In Germanic mythology, Thor is a hammer-wielding god associated with thunder, storms, oak trees, the protection of mankind and hallowing and fertility. Besides Old Norse Þórr, extensions of the god occur in Old English as Þunor and in Old High German as Donar. All forms of the deity stem from a Common Germanic *Þunraz. Thor is a prominently mentioned god throughout the recorded history of the Germanic peoples, from the Roman occupation of regions of Germania, to the tribal expansions of the Migration Period, to his high popularity during the Viking Age, when, in the face of the process of the Christianization of Scandinavia, emblems of his hammer, Mjölnir, were worn and Norse pagan personal names containing the name of the god bear witness to his popularity. Due to the nature of the Germanic corpus, narratives featuring Thor are only attested in Old Norse, where Thor appears throughout Norse mythology. Norse mythology recorded in Iceland from traditional material stemming from Scandinavia, provides numerous tales featuring the god.
In these sources, Thor bears at least fifteen names, is the husband of the golden-haired goddess Sif, is the lover of the jötunn Járnsaxa, is described as fierce eyed, red haired and red bearded. With Sif, Thor fathered the goddess Þrúðr. By way of Odin, Thor has numerous brothers, including Baldr. Thor has two servants, Þjálfi and Röskva, rides in a cart or chariot pulled by two goats and Tanngnjóstr, is ascribed three dwellings. Thor wields the mountain-crushing hammer, Mjölnir, wears the belt Megingjörð and the iron gloves Járngreipr, owns the staff Gríðarvölr. Thor's exploits, including his relentless slaughter of his foes and fierce battles with the monstrous serpent Jörmungandr—and their foretold mutual deaths during the events of Ragnarök—are recorded throughout sources for Norse mythology. Into the modern period, Thor continued to be acknowledged in rural folklore throughout Germanic-speaking Europe. Thor is referred to in place names, the day of the week Thursday bears his name, names stemming from the pagan period containing his own continue to be used today in Scandinavia.
Thor has inspired numerous works of art and references to Thor appear in modern popular culture. Like other Germanic deities, veneration of Thor is revived in the modern period in Heathenry. Old Norse Þórr, Old English ðunor, Old High German Donar, Old Saxon thunar, Old Frisian thuner are cognates within the Germanic language branch, descending from the Proto-Germanic masculine noun *þunraz'thunder'; the name of the god is the origin of the weekday name Thursday. By employing a practice known as interpretatio germanica during the Roman Empire period, the Germanic peoples adopted the Roman weekly calendar, replaced the names of Roman gods with their own. Latin dies Iovis was converted into Proto-Germanic *Þonares dagaz, from which stems modern English "Thursday" and all other Germanic weekday cognates. Beginning in the Viking Age, personal names containing the theonym Thórr are recorded with great frequency. Prior to the Viking Age, no examples are recorded. Thórr-based names may have flourished during the Viking Age as a defiant response to attempts at Christianization, similar to the wide scale Viking Age practice of wearing Thor's hammer pendants.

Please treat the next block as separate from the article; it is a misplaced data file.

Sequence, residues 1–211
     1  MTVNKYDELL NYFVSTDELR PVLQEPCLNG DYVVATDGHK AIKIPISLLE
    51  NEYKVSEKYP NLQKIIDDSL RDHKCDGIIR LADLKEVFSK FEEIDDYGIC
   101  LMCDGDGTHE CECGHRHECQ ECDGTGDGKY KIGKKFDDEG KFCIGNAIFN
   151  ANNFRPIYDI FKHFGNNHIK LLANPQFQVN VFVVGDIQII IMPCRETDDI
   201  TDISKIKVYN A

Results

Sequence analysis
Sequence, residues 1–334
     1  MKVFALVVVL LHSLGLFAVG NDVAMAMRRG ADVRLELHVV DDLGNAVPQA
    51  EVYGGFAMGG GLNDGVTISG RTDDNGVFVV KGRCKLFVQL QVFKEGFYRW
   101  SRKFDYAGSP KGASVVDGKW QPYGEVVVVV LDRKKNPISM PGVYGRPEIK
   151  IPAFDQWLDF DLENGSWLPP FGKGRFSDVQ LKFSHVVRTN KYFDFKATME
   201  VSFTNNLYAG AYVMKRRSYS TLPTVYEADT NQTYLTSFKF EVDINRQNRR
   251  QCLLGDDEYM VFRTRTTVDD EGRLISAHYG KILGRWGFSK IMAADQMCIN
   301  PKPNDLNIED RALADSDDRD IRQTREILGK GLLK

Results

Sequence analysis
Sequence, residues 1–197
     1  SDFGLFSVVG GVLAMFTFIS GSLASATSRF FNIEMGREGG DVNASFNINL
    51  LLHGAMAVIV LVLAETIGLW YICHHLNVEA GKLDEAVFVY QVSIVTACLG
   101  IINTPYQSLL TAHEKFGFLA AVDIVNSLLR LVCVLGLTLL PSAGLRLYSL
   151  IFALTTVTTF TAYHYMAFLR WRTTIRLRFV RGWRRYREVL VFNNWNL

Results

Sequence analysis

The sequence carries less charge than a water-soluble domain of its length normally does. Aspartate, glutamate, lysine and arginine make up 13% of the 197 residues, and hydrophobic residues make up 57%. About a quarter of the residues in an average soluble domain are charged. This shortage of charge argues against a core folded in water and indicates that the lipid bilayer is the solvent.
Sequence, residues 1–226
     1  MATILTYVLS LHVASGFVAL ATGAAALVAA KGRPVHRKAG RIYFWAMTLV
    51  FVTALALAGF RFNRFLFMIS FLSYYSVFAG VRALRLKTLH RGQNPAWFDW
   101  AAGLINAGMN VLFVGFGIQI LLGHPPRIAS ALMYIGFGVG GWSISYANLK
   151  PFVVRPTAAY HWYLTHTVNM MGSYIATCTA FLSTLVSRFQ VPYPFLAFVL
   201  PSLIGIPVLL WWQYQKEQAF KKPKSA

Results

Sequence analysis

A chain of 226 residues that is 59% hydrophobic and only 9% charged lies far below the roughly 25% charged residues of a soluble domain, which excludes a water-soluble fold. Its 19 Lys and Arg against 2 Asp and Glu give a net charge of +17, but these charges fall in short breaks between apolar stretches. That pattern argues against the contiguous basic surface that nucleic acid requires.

The earliest records of the Germanic peoples were recorded by the Romans, in these works Thor is referred to—via a process known as interpretatio romana —as either the Roman god Jupiter or the Greco-Roman god Hercules. The first clear example of this occurs in the Roman historian Tacitus's late first-century work Germania, writing about the religion of the Suebi, he comments that "among the gods Mercury is the one they principally worship, they regard it as a religious duty to offer to him, on fixed days, human as well as other sacrificial victims. Hercules and Mars they appease by animal offerings of the permitted kind" and adds that a portion of the Suebi venerate "Isis". In this instance, Tacitus refers to the god Odin as "Mercury", Thor as "Hercules", the god Týr as "Mars", the identity of the Isis of the Suebi has been debated. In Thor's case, the identification with the god Hercules is at least in part due to similarities between Thor's hammer and Hercules' club. In his Annals, Tacitus again refers to the veneration of "Hercules" by the Germanic peoples.
In Germanic areas occupied by the Roman Empire and votive objects dating from the 2nd and 3rd century AD have been found with Latin inscriptions referring to "Hercules", so in reality, with varying levels of likelihood, refer to Thor by way of interpretatio romana. The first recorded instance of the name of the god appears in the Migration Period, where a piece of jewelry, the Nordendorf fibula, dating from the 7th century AD and found in Bavaria, bears an Elder Futhark inscription that contains the name Þonar, i.e. Donar, the southern Germanic form of the god's name. According to a near-contemporary account, the Christian missionary Saint Boniface felled an oak tree dedicated to "Jove" in the 8th century, the Donar's Oak in the region of Hes